As the interest among stakeholders in data demonstrating the health and cost-savings benefits from in-home asthma resident education and housing interventions is mounting around the country, GHHI is helping local and state governments, healthcare organizations, housing providers and community agencies take advantage of these opportunities to pursue prevention funding for their communities.
GHHI provides training and technical assistance in the development of strategies to access Medicaid, private insurer and social impact investment to pay for in-home asthma resident education and Healthy Homes housing interventions to reduce asthma triggers. GHHI offers customized Pathways to Healthcare training sessions, including instruction on the GHHI comprehensive service model, asthma home intervention and education best practices, asthma social impact bonds planning, other financing tools, public and private healthcare reimbursement, healthy homes and more. Other sample training topics include:
- How to pursue effective healthcare funding strategies
- Medicaid rule changes
- Medicaid waivers
- Examples of healthy homes reimbursement currently in practice
- Opportunities through managed care organizations
- State Innovation Models overview
- ACA’s changes in hospital community benefit investment rules
- ACS’s hospital readmission reduction program
- Best practices on engaging state Medicaid offices and hospitals
- Integrated GHHI service delivery model
As an example of our customizable trainings, here’s a look at a recent training GHHI conducted for the State of Vermont by Vice President of Policy and Innovation Michael McKnight:
Organized and sponsored by the Vermont Housing and Conservation Board (VHCB), more than 40 individuals from across the state attended, including staff from the state health department, hospitals, accountable care organizations, the state innovation model program funded by the Centers for Medicare and Medicaid Innovation, the weatherization and lead poisoning prevention programs, as well as home visiting and asthma management programs. The training explored how Vermont housing programs and their related services can be more closely tied to clinical services. It included an in depth look at existing opportunities to incorporate health-related funding into a comprehensive model that includes home interventions.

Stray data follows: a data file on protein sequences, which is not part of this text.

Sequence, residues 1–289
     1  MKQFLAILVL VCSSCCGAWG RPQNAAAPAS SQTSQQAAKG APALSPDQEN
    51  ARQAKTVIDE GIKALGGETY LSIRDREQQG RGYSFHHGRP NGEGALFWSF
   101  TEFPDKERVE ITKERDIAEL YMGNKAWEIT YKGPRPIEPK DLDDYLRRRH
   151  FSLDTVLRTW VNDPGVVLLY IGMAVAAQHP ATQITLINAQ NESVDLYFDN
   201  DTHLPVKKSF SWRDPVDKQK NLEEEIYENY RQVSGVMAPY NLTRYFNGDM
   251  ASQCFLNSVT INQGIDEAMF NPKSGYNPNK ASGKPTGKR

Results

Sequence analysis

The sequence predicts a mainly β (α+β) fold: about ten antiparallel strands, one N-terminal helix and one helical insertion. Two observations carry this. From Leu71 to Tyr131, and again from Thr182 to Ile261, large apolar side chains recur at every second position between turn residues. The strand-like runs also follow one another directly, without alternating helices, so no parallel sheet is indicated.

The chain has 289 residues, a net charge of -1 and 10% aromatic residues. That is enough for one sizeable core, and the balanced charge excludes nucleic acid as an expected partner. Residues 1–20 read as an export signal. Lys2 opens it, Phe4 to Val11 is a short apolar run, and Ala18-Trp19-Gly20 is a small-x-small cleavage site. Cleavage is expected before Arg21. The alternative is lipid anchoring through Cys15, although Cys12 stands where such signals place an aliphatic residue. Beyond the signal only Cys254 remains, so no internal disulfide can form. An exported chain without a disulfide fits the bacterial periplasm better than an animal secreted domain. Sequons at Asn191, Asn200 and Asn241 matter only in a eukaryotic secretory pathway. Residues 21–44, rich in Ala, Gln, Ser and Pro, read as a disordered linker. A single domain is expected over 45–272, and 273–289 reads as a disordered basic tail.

Participants also reviewed the evidence of the effectiveness of healthy homes and weatherization interventions, the importance of the home environment to patient health, and how much of a business case already exists for integrating these two fields. Attendees then discussed the current Vermont healthy homes, lead poisoning prevention and weatherization work, and the potential for coordinated service delivery.
Mr. McKnight reviewed all of the available pathways to incorporating health related payment and reimbursement streams for home interventions and discussed with participants the Vermont healthcare landscape, including ongoing programs addressing asthma and efforts to reduce the homeless population by paying for housing through healthcare streams. (The state of Vermont is very focused on the triple aim of improving the quality of care delivered to patients, improving population health and reducing healthcare costs. Incorporating home education and interventions was viewed as an opportunity to reach all of these aims.)
This training, as well as others on a variety of green and healthy housing topics is available through GHHI’s Client Services Division for communities both in and out of the GHHI network. If you are interested in scheduling a Pathways to Healthcare training or learning more about other GHHI training options, please contact me at firstname.lastname@example.org or 410-534-6447 ext. 130.